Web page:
Slumber - Fallout - Candlelight Records 2005
7 Songs
Running Time: 37:51

Most bands whose only previous recorded output was two barely-distributed demos three years prior wouldn't even be around at this point to tell the tale. And if they were around, it doesn't take much to imagine a night at the bar filled with "what ifs" and "might have beens". Thankfully, this is far from the case with Sweden's newest doom export, Slumber. Instead of throwing in the towel, it seems Slumber has spent the past two and a half years honing what would become Fallout to crystalline excellence.

Being a six-piece band (two pieces of which are keyboardists), one would expect the sound of Slumber to be dense, yet expansive. Expectations are proven to be correct almost immediately upon pushing the "Play" button, as the music of 'Rapture' washes over you in slow, melancholy waves. Vocally, Siavosh Bigonah recalls Paradise Lost's , while the ever present keys bring to mind the early flashes of experimentation found on albums like My Dying Bride's Turn Loose The Swans. Slumber is very much it's own creature, though, and the addition of a second keyboardist makes parts like the last minute and a half of 'Rapture' just that much more captivating. At the 3:16 mark, a 'Kashmir'-tinged drum pattern blends with fluid keys, carrying us to the introduction of a few female voices around 3:44. The music just keeps growing and growing from that point, and by the song's ending at just over five minutes, sounds more symphonious than some of Therion's work. Where Slumber succeeds is in the use of a few female voices instead of a choir, and knowing how to let the music breathe. I don't say this often, but the buildup at the end of 'Rapture' alone makes Fallout well worth the price of admission for fans of the more doom side of metal. For all the epic qualities of Slumber's music, they also know that in order to appeal to more than the hardcore doom legions, you've got to have more than two snare cracks and three droning riffs over the course of a four-minute song. To this end, 'Conflict' fuses a driving rhythm to impeccable guitarwork (courtesy of background vocalist/guitarist Jari and guitarist Daniel), creating a song that - while still very much doom in orientation - doesn't mire itself in the quicksand of "slow for slow's sake". 'Where Nothing Was Left' follows, and continues the same pattern of mid-paced doom, while leaving out the female vocals, which shows a band not reliant on formulaic presentation, or in pandering to the lowest common denominator, recalling the debut from Beseech. Echoes of melodic death can be heard all over the place, as in the crushing 'Distress'. Take heart, though, ye heartless...the melodic death I speak of is about as far removed from fashionable tripe like Children Of Bodom or In Flames as one could be. Think Sentenced, Withering, or Amorphis, and you've got some sort of vague idea. Again, though, the music of Slumber not only manages to stand on it's own, but to rise above the ever-growing army of bands set to capitalize on whatever's currently popular. A solo keyboard gives an abbreviated coda to 'Distress', and sends us into 'Dreamscape', where it is joined by the rest of the band, and takes part in yet another piece of music that takes the best of both aforementioned genres, and molds them into something unique. Fallout is brought to it's end by 'A Wanderer's Star', which concludes with the same female voices that have flitted around the edges of the album, and again make their appearance more known, as in the opening 'Rapture'.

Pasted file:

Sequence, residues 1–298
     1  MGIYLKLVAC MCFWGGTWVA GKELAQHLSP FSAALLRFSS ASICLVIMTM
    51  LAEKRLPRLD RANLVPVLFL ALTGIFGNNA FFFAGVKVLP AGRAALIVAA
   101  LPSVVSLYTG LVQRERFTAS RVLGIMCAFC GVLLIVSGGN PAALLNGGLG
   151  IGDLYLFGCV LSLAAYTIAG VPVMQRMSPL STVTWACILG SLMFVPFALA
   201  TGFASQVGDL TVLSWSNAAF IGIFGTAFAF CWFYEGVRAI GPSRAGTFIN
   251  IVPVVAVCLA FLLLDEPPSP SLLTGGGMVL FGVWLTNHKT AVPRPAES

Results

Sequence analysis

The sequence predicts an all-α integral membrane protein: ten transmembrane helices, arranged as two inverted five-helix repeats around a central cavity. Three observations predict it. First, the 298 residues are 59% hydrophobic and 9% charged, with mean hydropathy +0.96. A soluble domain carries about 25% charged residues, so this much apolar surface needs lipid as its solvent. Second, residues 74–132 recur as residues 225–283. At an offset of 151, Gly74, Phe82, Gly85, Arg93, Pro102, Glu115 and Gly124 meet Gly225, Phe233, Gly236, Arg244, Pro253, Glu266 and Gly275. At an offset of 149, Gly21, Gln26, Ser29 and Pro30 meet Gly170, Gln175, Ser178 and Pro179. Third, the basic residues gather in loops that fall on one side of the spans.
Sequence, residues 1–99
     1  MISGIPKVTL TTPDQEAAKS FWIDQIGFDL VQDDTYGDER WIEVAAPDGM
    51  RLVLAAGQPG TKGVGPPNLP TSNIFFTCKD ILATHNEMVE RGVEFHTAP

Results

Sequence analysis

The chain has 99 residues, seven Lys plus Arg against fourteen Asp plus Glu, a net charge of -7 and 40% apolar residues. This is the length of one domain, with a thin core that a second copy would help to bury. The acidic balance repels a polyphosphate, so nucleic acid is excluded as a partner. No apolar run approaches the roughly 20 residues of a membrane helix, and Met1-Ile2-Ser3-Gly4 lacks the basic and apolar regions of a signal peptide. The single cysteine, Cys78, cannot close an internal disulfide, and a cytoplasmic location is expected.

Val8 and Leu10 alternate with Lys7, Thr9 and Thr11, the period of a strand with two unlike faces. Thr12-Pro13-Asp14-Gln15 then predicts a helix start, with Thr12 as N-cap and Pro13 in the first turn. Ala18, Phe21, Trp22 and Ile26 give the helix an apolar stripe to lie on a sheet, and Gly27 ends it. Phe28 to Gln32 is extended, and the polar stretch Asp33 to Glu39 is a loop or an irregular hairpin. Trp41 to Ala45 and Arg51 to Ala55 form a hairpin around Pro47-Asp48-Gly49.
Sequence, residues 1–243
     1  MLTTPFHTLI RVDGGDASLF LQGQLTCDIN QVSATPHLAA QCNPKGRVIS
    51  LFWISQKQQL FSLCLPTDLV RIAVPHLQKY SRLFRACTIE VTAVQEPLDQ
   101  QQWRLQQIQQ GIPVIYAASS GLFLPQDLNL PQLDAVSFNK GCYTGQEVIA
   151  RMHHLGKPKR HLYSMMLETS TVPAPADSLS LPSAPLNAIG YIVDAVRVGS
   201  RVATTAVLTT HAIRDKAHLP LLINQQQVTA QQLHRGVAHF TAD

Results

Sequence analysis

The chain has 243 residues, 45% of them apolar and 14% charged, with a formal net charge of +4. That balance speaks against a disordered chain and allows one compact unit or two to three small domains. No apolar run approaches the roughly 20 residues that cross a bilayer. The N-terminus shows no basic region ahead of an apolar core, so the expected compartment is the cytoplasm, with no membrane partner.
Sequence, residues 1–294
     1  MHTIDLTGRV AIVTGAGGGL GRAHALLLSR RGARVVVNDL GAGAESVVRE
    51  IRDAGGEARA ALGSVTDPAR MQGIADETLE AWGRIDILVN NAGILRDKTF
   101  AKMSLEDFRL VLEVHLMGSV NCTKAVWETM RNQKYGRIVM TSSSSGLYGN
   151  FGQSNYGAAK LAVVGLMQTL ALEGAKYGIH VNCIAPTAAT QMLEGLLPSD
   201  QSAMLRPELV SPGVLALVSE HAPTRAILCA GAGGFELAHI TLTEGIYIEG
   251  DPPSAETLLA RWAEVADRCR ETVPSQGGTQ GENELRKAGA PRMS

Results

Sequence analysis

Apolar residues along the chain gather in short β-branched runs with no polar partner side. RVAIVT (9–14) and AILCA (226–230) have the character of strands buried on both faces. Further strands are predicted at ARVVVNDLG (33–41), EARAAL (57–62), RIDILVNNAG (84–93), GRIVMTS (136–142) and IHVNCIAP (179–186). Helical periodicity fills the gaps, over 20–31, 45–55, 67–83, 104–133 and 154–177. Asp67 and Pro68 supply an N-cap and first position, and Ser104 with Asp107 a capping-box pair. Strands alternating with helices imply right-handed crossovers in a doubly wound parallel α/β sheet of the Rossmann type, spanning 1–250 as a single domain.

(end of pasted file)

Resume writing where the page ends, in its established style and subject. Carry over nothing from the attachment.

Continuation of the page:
With a debut showing of this magnitude, I'm more than interested to see where the next album takes us. For now, though,
put on your headphones, close your eyes in the darkness, and fall into Slumber.

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